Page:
Tamara Lich and Chris Barber, organizers of the so-called Freedom Convoy protests in Ottawa in early 2022, are on trial, facing charges of mischief, obstructing police, counselling others to commit mischief and intimidation. In the United States, dozens of Jan. 6 rioters have gone to trial, and some have been sentenced to several years in prison.

Today in The Conversation Canada, Thomas Klassen of York University looks into what these types of criminal proceedings will ultimately mean for the future of protest. He also asks whether politicians should face repercussions when they encourage or even incite violent protests, as former president Donald Trump has been accused of doing just prior to the Jan. 6, 2021 storming of the U.S. Capitol building.

He writes: “Protest is a fundamental feature of democracies, and they’re not always peaceful and planned. At times they spiral out of control and can threaten the existing order.” With that in mind, he adds, judges in these criminal proceedings must grapple with how protesters can proceed without incurring the full wrath of the state.

Also today:

All the best,

Lee-Anne Goodman

Politics, Business + Economics Editor

Lawyer Lawrence Greenspon walks with Tamara Lich as they make their way to the courthouse on the first day of Lich’s trial for organizing the Freedom Convoy protest in Ottawa. THE CANADIAN PRESS/Adrian Wyld

Trials of Canadian, U.S. uprising organizers show the limits of protest rights

Thomas Klassen, York University, Canada

Ongoing criminal proceedings in Canada and the U.S. tied to high-profile uprisings must shed light on how large protests can avoid incurring the full wrath of the state.

Evidence suggests gender-based violence increases during disasters and in the years that follow. (Shutterstock)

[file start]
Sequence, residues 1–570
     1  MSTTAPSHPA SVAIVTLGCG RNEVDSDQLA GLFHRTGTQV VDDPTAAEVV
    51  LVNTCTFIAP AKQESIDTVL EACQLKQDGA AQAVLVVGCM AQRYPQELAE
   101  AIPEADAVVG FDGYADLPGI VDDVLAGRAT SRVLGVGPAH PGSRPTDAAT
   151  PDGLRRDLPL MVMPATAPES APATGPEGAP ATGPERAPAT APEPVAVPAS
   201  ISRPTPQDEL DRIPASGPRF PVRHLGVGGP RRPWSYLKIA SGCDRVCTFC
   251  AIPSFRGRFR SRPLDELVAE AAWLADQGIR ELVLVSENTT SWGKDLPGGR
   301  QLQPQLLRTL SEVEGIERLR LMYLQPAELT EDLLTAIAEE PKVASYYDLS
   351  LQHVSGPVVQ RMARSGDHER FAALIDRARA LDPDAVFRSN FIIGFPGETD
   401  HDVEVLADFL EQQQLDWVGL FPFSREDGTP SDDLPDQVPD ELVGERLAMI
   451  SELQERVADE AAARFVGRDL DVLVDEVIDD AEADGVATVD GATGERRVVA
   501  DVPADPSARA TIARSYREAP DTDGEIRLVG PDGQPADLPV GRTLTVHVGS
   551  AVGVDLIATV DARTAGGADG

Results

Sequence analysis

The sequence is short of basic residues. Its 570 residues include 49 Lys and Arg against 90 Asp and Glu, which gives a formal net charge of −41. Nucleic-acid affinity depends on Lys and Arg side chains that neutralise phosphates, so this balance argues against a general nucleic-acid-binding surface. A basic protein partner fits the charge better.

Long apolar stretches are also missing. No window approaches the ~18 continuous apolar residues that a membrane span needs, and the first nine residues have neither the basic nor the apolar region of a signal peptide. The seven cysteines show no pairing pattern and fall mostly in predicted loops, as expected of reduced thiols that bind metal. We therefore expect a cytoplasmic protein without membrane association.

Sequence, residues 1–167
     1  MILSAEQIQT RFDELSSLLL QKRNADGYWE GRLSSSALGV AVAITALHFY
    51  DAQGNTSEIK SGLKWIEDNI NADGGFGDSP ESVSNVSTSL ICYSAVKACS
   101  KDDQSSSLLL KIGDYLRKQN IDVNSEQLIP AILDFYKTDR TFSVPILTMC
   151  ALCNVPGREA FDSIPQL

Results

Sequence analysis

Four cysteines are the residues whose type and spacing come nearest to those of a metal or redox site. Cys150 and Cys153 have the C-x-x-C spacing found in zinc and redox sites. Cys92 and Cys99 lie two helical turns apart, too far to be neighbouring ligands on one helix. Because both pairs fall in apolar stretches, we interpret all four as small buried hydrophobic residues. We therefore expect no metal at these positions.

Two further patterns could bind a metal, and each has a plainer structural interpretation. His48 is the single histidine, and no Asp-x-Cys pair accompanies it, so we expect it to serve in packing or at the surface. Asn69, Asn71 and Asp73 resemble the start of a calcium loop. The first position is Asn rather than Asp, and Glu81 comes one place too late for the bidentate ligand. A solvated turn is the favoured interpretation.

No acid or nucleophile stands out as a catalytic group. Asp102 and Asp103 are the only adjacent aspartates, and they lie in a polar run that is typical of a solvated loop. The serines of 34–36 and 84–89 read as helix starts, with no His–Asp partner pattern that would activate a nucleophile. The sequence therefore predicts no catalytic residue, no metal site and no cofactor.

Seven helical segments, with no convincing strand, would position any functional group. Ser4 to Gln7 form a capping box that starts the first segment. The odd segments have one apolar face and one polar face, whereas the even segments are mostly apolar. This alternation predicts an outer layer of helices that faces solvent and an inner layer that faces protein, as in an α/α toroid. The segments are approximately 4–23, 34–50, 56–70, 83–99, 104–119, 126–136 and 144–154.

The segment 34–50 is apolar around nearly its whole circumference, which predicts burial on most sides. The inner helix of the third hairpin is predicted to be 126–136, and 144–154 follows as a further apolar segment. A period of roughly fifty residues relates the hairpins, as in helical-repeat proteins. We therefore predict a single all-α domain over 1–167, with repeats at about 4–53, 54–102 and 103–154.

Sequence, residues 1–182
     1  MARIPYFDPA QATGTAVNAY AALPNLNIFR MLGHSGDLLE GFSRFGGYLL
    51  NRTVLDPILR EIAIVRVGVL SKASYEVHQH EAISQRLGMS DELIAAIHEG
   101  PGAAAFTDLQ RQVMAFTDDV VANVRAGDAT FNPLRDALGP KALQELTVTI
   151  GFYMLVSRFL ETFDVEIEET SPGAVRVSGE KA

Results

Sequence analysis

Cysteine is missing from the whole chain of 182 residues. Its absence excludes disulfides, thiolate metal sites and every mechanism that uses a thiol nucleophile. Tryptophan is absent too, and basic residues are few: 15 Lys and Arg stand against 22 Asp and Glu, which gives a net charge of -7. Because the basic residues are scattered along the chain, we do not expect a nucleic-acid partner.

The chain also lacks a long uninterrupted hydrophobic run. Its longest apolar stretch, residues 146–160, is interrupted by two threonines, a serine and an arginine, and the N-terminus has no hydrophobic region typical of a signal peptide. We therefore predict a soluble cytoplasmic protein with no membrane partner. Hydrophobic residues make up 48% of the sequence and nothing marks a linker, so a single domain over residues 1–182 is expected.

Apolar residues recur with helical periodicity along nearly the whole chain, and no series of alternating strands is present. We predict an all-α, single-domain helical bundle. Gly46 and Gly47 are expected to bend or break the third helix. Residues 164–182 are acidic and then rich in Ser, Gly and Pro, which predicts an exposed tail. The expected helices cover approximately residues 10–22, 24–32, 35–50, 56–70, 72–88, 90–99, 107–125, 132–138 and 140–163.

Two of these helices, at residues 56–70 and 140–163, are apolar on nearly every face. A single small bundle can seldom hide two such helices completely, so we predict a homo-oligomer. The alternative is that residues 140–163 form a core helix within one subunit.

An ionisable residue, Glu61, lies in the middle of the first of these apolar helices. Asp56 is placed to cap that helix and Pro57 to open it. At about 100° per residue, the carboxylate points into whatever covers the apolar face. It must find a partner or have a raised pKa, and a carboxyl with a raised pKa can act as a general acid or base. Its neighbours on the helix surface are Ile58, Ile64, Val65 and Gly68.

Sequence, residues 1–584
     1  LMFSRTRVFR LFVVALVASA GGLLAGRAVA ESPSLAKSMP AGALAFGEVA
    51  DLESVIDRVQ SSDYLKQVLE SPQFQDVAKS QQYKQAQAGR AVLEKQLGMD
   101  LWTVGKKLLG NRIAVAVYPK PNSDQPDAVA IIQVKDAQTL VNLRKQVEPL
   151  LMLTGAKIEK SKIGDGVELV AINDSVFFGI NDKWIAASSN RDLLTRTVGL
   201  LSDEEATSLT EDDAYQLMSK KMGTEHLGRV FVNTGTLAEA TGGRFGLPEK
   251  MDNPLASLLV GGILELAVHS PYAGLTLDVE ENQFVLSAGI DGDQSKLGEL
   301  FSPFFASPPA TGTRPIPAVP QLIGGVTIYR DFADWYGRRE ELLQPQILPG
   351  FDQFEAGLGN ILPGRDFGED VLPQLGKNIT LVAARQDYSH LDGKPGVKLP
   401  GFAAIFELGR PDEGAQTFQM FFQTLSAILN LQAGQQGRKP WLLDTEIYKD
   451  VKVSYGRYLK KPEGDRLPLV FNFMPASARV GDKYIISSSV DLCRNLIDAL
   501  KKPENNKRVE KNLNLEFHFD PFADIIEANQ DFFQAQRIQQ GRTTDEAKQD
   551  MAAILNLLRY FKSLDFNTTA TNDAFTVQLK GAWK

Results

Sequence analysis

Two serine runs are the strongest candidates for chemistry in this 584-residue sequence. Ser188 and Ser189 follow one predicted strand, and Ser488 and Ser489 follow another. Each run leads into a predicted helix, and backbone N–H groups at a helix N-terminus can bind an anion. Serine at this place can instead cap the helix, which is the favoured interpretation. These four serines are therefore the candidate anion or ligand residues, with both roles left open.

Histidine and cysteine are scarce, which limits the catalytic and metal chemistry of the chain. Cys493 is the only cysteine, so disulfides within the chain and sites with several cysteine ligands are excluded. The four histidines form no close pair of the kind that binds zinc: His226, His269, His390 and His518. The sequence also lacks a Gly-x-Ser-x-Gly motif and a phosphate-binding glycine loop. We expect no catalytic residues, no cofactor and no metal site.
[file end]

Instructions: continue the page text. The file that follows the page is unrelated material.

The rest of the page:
Canada’s lack of recognition for gender-based violence is putting disaster survivors at risk

Jean Slick, Royal Roads University

Research shows gender-based violence increases in the aftermath of disasters. Governments must incorporate ways of addressing it into their disaster response plans.

Hurricane Lee is currently growing in the Atlantic Ocean and on course for potential landfall in Canada. Can we learn from our past experiences with hurricanes to develop better responses? (NOAA via AP)

Hurricane Fiona’s legacy: How studying storm impacts can help us better prepare for future events

Antoine Lachance, Concordia University

Can Hurricane Fiona give us a hint about what future climate change might bring to Eastern Canada? Unravelling this question could lie in understanding ancient storm records.

The health and economic impacts of heat are often invisible and silent. (Shutterstock)

Heat waves have a cost. Here’s why it’s important to quantify it

Jérémie Boudreault, Institut national de la recherche scientifique (INRS); Celine Campagna, Université Laval; Fateh Chebana, Institut national de la recherche scientifique (INRS)

Further research is needed in order to quantify the costs of extreme heat so we can reduce its damaging effects now and in the future.

The microbiome functions as an ‘invisible organ’ but it often makes its presence known by emitting sounds and smells. (Shutterstock)

The nose knows: How microbiomes and the smells they produce help shape behaviour in bugs, birds, beasts and humans

Vasu Appanna, Laurentian University

The microbiome and its signature smells are crucial for most organisms, whether human, insect or plant. The silent signals sent by the microbiome are essential communications that influence behaviour.

To maximize the benefits of social media while minimizing its harms, we need to better understand how it works and how it affects us. (Shutterstock)

Can ❤️s change minds? How social media influences public opinion and news circulation

Juan S. Morales, Wilfrid Laurier University

Two recent studies shed light on how seemingly simple social media features can have complex effects on user attitudes and beliefs.

La Conversation Canada

Que faire si une mouche à fruit se noie dans votre verre de vin? Connaissant les endroits peu ragoûtants où ces insectes se tiennent, peut-on encore le boire? Anne Webber/Shutterstock

Une mouche à fruit atterrit dans votre vin. Pouvez-vous tout de même le boire ?

Primrose Freestone, University of Leicester

Un microbiologiste explique quel est le risque pour votre santé de boire un bon sauvignon blanc bien frais dans lequel une mouche à fruit s’est posée.


Culture + Society